A recent trip to Japan has convinced us that the economic recovery is not only real but has potentia...
A recent trip to Japan has convinced us that the economic recovery is not only real but has potential to accelerate
Many companies have seen a sustained pick-up from mid July even more encouraging was that economic conditions in Osaka and the Kansai region also appear to be bottoming. In recent years the economy there has been weaker than in Tokyo and has pulled down overall growth figures. We now expect third quarter GDP (July to September) to be positive quarter on quarter and our target for March 2000 is above 1%. Assuming another fiscal package, this should accelerate to March 2001
Over the past year we have seen seen a huge fiscal stimulus from October's massive ¥24tr package, a variety of tax cuts, both corporate and individual, a bail out of the large banks, amounting to debt forgiveness and a ¥25tr debt guarantee programme for small/medium sized companies all this at a time of stabilisation/recovery in Asia. It would have been surprising if the Japanese economy had not been showing improvement
However, many of the problems still remain, particularly the dual burdens of the current massive fiscal deficit and the burgeoning national debt. These issues still need to be resolved but are unlikely to detract from the recovery. The economy may naturally weaken towards the latter part of the year as the effects of last year's stimulus fades, but almost certainly there will be another package ensuring the economic recovery does not stall. At some point this prop will have to be removed, but the government is keen not to kill the seeds of growth
A recovering economy is unsurprisingly leading to recovering profits. Moreover, the extent of cost-cutting across all companies is feeding through to a substantial pick-up in profitability. Many companies' revenues appear to be better than expectations in the first half. Much of this cost-cutting has been undertaken during a recession and price pressure, together with negative revenue growth, offset much of the benefit. A recent report by Warburg Dillon Read shows that Japanese manufacturers have been very successful in reducing costs over the past five years, with many sectors managing to reduce nominal manufacturing costs by over 10% last year alone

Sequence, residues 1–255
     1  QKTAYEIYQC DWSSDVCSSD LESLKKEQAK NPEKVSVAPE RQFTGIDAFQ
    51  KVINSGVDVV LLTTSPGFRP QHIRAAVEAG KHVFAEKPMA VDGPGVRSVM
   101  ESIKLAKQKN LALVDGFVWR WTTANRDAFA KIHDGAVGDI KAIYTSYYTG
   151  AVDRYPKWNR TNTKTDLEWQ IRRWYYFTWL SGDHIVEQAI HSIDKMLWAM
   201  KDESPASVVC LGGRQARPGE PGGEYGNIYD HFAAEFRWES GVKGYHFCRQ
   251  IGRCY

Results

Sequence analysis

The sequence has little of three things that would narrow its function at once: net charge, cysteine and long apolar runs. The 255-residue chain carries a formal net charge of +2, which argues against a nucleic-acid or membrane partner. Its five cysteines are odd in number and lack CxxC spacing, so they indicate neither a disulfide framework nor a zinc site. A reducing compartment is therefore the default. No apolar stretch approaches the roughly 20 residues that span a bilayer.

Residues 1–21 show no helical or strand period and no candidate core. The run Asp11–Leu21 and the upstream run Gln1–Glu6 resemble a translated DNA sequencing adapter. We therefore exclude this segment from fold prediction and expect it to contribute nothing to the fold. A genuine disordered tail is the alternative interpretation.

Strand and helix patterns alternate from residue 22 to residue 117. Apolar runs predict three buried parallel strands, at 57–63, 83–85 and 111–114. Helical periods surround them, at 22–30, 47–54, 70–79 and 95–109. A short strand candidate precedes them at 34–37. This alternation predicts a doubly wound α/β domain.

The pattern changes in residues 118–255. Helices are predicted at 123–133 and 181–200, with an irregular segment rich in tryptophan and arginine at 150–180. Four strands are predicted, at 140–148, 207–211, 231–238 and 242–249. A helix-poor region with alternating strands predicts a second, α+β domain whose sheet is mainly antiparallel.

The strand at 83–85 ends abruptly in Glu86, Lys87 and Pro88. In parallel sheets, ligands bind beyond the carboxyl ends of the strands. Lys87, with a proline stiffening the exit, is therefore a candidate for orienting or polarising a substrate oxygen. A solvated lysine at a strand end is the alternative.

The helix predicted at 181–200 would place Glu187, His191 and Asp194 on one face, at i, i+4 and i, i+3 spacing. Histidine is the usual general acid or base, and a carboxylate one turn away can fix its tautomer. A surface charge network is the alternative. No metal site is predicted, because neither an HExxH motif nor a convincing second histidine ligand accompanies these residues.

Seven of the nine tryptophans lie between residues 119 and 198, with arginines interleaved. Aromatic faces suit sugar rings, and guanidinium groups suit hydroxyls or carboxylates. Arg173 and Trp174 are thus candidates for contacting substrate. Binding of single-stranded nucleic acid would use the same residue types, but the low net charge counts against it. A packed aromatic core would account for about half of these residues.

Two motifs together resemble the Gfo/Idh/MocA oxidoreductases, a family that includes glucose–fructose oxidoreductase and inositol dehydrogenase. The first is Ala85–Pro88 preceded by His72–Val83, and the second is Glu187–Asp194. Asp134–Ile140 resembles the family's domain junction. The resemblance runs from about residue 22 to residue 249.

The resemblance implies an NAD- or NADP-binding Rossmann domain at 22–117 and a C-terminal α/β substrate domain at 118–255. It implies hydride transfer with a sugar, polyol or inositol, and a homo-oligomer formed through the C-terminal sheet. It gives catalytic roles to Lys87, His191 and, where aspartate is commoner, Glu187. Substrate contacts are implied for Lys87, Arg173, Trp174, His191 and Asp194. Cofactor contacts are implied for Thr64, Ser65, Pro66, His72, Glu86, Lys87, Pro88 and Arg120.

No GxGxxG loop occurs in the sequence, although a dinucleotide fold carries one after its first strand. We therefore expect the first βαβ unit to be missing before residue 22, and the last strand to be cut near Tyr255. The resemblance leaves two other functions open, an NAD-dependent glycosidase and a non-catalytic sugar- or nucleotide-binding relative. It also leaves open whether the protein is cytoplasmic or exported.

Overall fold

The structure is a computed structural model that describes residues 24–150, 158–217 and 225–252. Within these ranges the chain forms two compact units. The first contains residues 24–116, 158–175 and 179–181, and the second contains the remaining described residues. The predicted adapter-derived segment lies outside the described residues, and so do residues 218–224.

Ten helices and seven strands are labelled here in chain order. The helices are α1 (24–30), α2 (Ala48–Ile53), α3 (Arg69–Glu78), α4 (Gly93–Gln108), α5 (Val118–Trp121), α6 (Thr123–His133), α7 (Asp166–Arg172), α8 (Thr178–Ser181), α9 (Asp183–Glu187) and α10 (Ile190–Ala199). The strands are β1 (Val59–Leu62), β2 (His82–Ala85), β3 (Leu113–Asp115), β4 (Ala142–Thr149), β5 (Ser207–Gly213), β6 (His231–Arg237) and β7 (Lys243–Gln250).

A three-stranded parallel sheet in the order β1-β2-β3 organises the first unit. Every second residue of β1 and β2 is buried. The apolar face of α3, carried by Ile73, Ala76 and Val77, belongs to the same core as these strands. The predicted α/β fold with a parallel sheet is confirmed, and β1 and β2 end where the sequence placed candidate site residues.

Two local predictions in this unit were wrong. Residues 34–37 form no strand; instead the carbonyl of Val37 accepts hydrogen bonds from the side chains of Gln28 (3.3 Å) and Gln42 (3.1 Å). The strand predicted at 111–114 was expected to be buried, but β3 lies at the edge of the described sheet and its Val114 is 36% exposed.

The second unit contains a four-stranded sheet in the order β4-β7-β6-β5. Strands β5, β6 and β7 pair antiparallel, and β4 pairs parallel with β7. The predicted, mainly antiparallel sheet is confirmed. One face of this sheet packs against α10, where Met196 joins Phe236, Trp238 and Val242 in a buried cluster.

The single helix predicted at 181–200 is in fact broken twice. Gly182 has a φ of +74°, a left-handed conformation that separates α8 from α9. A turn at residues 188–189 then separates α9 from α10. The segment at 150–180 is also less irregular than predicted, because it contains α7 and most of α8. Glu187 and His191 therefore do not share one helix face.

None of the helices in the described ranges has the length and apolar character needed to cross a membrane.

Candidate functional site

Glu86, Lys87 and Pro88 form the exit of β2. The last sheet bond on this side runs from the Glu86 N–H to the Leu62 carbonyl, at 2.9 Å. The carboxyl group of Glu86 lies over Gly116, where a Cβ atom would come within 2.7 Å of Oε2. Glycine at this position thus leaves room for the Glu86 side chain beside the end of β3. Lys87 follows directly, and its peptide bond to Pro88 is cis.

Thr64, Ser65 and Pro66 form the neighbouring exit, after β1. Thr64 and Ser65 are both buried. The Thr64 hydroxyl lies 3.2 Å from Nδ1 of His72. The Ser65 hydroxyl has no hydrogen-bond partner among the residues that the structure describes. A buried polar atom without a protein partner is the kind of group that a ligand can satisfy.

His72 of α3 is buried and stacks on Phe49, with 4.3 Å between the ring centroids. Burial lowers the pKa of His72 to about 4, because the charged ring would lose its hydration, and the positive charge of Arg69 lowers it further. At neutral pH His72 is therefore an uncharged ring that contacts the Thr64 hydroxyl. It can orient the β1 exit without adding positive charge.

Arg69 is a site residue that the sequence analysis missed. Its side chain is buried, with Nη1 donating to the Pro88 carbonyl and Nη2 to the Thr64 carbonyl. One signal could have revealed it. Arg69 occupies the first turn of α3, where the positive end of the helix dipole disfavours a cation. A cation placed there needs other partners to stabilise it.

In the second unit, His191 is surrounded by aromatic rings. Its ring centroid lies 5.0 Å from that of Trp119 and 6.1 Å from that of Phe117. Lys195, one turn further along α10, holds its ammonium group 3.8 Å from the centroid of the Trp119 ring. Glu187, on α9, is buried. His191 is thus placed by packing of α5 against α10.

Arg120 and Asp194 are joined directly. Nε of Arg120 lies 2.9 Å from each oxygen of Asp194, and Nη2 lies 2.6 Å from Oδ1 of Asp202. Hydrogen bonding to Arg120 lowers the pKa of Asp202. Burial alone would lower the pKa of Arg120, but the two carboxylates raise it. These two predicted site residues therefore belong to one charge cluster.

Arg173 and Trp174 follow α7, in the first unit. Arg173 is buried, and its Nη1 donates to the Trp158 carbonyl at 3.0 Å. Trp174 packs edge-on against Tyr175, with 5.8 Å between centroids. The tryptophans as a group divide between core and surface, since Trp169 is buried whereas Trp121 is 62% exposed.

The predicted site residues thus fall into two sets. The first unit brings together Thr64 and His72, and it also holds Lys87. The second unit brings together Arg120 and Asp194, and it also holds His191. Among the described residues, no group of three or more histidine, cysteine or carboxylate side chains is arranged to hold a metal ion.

Inventory adjustment is, in many cases, now complete and is no longer constraining growth or pressuring prices to the same extent. So the gearing effect of cost reductions on top of revenue growth is not only impacting profitability immediately but is also being magnified
The real concern surrounds the yen, which has the potential to spoil the recovery particularly if it makes a sustained move through ¥100/US$. The Bank of Japan is showing no sign of changing policy to weaken the currency and so, without concerted intervention, it looks likely to continue strengthening. We feel Japan needs a rate of around ¥110 to enable the recovery to be sustainable so the yen above 100 is a major risk both to the economy and to the stock market
Simon Somerville is fund manager at Cazenove Fund Management
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